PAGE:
In the 1950s and '60s, economics in America really had a heyday. Tinkering is easy when the economy is good. By the 1970s, it was realized that economics truly was, as historian Thomas Carlyle labeled it in the 19th century, a "dismal science" - except leave off the science.
Nothing boosts the
prospects of page hits on a blog – or funding of a grant proposal – like the
phrase “big data.” Why are we enamored with “big data”?
The history of World War I - since there was no II then, it was simply The Great War - is well-known. Volumes have been written about why European monarchs, related to each other, nonetheless rolled "the iron dice" and sent millions of young men to their deaths. The technological and medical advances, and America's emergence as the decision-maker in geopolitics, have also been exhaustively examined.
Yet the role of women, not so much. World War II was another matter; from Rosie the Riveter to WACs, empowered female imagery was common. World War I, on the other hand, caused progress on universal suffrage to go backward, and the role of women challenged the concept of femininity that existed.
In the 1800s, mentally ill people were in jail. Then they were put in more humane mental hospitals. But then mental hospitals got vilified in mainstream news stories and horror movies and they were closed and now mentally ill people are back in jails, 10 times as many as are in mental health facilities.
Policy makers don't buy that psychology has value any more, and they feel only slightly better about psychiatry. Scrutiny and abuse has led politicians to demand tighter Medicaid policies governing antipsychotic drugs and a new paper links those tighter policies to increased incarceration rates for schizophrenics.
In the summer of 2008, the US economy was clipping along as well as it had ever been. There were people in the know who recognized that actual economic output was down and the drivers were housing sales, including President Bush and his economic advisors years earlier, but they got little attention as long as GDP kept looking higher.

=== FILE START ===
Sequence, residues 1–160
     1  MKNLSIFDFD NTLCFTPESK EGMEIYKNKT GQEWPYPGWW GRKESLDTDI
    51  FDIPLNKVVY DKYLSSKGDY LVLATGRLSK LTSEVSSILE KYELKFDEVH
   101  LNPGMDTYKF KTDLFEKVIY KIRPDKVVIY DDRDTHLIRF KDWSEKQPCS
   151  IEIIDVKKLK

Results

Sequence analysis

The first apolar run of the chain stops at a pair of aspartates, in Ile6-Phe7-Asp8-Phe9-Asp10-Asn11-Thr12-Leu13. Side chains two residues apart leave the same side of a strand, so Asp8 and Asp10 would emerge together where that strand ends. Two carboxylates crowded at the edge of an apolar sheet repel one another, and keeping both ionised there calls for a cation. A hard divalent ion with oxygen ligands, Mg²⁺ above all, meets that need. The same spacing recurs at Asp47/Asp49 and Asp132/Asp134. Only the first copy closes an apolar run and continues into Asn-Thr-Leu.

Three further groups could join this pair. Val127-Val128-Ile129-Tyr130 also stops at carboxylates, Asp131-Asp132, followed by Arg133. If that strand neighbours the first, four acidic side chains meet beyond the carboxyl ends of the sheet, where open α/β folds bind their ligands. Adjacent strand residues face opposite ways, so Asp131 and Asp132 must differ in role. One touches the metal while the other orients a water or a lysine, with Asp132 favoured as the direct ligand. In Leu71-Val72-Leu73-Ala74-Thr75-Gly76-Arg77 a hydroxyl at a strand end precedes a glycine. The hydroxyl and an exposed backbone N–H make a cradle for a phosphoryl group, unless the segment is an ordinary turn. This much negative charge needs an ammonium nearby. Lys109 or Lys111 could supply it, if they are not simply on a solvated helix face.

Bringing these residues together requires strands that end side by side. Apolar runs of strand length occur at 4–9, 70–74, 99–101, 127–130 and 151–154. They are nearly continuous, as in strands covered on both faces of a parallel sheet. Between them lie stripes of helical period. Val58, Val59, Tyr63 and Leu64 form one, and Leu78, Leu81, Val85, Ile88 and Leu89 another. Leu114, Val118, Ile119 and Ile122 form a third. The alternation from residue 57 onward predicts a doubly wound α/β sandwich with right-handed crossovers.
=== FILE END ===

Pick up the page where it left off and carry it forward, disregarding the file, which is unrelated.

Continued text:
Scholars studying the child care sector in Kansas, particularly in rural areas, have found that informal child care services create a large economic impact in the state.
Informal child care services include unlicensed facilities, unreported day care services run from homes, and child care performed for trade rather than money.
The authors estimate that
the informal child care industry created more than 128,000 jobs and added about $971.5 million in total value to the state of Kansas in 2005.
A new paper in the Journal of the National Cancer Institute addresses the risks associated with the growing popularity of endoscopic resection in the treatment of localized, early-stage esophageal cancer.
Researchers found that the more traditional surgical resection, while more invasive, provided significantly better outcomes with an 87.6 percent five-year survival rate for patients than endoscopic resection, which had a 76 percent five-year survival rate. The study reviewed the outcomes of more than 5,000 patients from 824 hospitals using the National Cancer Data Base, a program of the American College of Surgeons Commission on Cancer and the American Cancer Society.